M Train
by Patti Smith

"Anxious for some permanency, I guess I needed to be reminded how temporal permanency is."

Patti Smith doesn’t tend to what we think. She has been underappreciated as a poet and artist and unfairly parodied as an unkempt, drugged-up punk rocker. However, these are mere shadows of misperception that die hard, yet never worn by the artist. Gratefully in M Train, Smith’s memory train, the self-proclaimed “map of her life,” a genuine image takes center stage.

Her absorbing memoir unfolds they way we remember things—disordered, dreamlike, and driven by desire and quandary. Smith travels the globe, sometimes after jobs or at a request, but often like a treasure hunter where the booty is much more meaningful. She rescues Saint-Laurent prison stones to pay homage at Jean Genet’s grave. She finds herself in the home of Frida Kahlo and Diego Rivera, who served as childhood guides into a life of creativity. She joins a pilgrimage to Tangier honoring, among things, the beat poets. Some journeys take mere minutes to complete, while others require multiple attempts over decades, but each is accomplished with a Polaroid camera in hand that serves both artistry and memory.

When Smith is invited to the Continental Drift Club (CDC), honoring Alfred Wegener who proposed the eponymous theory that at one time the world was a single land mass but had split and drifted apart, we might wonder why a poet-songwriter was asked to join a crowd composed chiefly of scientists. However, the romanticism that binds poet and scientist to their ideals is inseparable in its passion and focus.

Comedy and joy exist within the pages, but the topic of her husband, Fred “Sonic” Smith, must be tackled, along with the close and just as sudden death of her brother. She deals honestly with the love, life, and loss. If life is for the living, then death is left for us to sort through as well. These loses seem to have sent the author on a two-decade road trip for solutions. At odd intervals, beauty, magic, and abandonment are drawn upon the map of her life like Tarot cards.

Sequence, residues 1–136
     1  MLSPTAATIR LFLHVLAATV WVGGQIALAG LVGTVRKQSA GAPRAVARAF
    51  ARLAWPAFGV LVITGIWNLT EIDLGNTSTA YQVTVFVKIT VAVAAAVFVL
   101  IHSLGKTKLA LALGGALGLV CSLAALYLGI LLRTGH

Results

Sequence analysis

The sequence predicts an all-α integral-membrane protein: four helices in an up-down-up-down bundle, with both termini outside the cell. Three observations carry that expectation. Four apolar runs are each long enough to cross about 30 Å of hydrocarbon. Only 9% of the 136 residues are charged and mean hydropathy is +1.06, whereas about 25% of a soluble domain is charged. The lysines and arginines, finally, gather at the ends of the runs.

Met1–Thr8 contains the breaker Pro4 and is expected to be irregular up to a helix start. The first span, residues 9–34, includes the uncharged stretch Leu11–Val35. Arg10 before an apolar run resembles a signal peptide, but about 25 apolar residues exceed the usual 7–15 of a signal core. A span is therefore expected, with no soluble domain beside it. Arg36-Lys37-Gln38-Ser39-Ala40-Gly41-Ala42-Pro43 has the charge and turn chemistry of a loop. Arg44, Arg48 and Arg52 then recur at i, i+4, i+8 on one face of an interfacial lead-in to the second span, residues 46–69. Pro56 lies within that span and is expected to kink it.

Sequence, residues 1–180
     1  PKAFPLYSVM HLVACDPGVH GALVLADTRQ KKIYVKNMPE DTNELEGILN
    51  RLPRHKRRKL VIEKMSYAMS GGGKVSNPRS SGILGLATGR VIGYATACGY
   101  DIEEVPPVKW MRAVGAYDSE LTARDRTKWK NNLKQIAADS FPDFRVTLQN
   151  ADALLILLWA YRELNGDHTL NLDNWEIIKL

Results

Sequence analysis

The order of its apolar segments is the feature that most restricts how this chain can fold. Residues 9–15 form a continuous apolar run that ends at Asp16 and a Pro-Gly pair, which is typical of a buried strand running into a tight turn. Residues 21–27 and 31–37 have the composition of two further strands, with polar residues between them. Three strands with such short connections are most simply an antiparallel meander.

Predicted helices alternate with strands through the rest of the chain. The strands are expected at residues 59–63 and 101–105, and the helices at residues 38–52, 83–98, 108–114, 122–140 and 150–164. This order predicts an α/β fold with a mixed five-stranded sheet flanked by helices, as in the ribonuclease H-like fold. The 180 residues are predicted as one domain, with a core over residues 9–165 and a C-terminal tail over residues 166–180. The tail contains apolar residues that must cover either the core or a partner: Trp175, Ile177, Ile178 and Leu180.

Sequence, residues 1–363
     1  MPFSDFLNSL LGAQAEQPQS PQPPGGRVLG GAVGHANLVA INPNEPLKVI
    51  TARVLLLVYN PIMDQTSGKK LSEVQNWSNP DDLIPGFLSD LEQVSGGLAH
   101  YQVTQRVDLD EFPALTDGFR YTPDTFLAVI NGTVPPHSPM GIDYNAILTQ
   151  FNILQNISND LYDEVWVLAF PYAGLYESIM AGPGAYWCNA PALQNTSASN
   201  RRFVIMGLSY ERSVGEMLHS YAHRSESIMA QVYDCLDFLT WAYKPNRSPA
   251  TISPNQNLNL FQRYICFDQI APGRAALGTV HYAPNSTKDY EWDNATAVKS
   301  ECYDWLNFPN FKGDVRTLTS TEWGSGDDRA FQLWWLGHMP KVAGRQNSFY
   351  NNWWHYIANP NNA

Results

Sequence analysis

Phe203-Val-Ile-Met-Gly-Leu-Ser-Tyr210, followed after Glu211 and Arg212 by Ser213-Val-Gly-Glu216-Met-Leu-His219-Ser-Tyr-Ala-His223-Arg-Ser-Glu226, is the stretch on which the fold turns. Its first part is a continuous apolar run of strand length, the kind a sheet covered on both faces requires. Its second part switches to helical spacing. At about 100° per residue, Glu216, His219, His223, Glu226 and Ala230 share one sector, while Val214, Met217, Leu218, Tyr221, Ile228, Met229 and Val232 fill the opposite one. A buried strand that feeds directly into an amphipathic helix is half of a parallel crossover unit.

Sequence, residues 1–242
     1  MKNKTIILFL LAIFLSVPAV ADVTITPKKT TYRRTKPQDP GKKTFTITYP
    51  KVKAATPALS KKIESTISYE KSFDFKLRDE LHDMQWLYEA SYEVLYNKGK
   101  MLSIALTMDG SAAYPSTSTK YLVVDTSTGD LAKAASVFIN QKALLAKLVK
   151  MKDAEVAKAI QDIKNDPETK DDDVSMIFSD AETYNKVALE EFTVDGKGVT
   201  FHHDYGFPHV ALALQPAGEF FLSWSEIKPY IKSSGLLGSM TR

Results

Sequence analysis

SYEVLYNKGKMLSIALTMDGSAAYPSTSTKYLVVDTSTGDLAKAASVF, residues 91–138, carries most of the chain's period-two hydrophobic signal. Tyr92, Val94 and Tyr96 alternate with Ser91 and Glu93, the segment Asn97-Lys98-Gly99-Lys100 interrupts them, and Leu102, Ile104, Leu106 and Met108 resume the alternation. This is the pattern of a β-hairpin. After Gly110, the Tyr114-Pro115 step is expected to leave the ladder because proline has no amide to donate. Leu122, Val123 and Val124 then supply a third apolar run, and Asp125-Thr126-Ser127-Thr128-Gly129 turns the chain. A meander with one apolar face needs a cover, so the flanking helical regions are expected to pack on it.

Patti Smith is obsessed with literature and coffee, both coursing through the veins of her narrative. Each passage is a poignant diary entry, including sketches of dialogue like street conversations that you furtively monitor. Not as accessible as the award-winning Just Kids, the words in M Train form poetry to become lost inside of—always the short form, compact and soulful. She doesn’t intend to be confessional, but there are many nuggets of truth here. Meanwhile she haunts coffee houses like a spirit, and books pile at her feet.

The simple thread throughout this essential guide to an artist's life is: Where will she find her next coffee? Slightly larger but no less essential is: Where will she call home? She doesn't avoid the spirit/animal needs of us humans. Both the next sip of java and the discovery and reconstruction of a Rockaway bungalow chart the formation of the heart. Like the TV murder mysteries she’s drawn to, she’s solving a puzzle, burrowing to the root with much hope but no particular expectation. In photographs, Patti Smith seems to scowl at us, but more honestly she probably isn’t looking at or thinking of us at all. She’s composing her next words—words that help unlock the secrets of life and death. Let's hope they keep coming for some time.

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